Skip to content. | Skip to navigation

Personal tools

Navigation

The Laws of Hostility

Politics, Violence, and the Enlightenment

1996
Author:

Pierre Saint-Amand
Translated by Jennifer Curtiss Gage
Foreword by Chantal Mouffe

Book Default Image

Exposes the hostility lurking below the surface of French Enlightenment texts.

The Marquis de Sade, and not Jean-Jacques Rousseau, may be the truer voice of the Enlightenment. In this compelling reading of the canon of Enlightenment thinkers from Montesquieu, Voltaire, and Diderot to Rousseau and Sade, Pierre Saint-Amand uncovers the hostility that lurks beneath the philosophers’ progressive rationality.

The Marquis de Sade, and not Jean-Jacques Rousseau, may be the truer voice of the Enlightenment. In this compelling reading of the canon of Enlightenment thinkers from Montesquieu, Voltaire, and Diderot to Rousseau and Sade, Pierre Saint-Amand uncovers the hostility that lurks beneath the philosophers’ progressive rationality.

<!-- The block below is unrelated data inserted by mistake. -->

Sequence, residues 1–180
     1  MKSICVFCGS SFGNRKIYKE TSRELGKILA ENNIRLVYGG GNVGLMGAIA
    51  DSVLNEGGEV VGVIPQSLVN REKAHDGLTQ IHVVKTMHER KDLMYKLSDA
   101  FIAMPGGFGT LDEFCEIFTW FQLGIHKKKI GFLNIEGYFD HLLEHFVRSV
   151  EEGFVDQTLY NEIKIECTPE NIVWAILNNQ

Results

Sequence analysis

Society and sociability take center stage in Enlightenment texts and in current interpretations, but Saint-Amand reveals that reciprocity, the principle behind sociability, is always based on imitation, which inevitably degenerates into competition and rivalry. Probing the excesses of the Enlightenment, he exposes at its heart a crisis of law founded on violence. His book specifically addresses the bad faith of the Enlightenment philosophers in their refusal to consider the violent origins of society. As an alternative, The Laws of Hostility emphasizes the antagonisms and conflicts in the representation of social life and the understanding of human experience.


Book Default Image

Pierre Saint-Amand is professor of French studies and comparative literature at Brown University.

Jennifer Curtiss Gage is a freelance translator who has been awarded the Gregory Rabassa Prize for prose translation by the American Literary Translators Association.

About This Book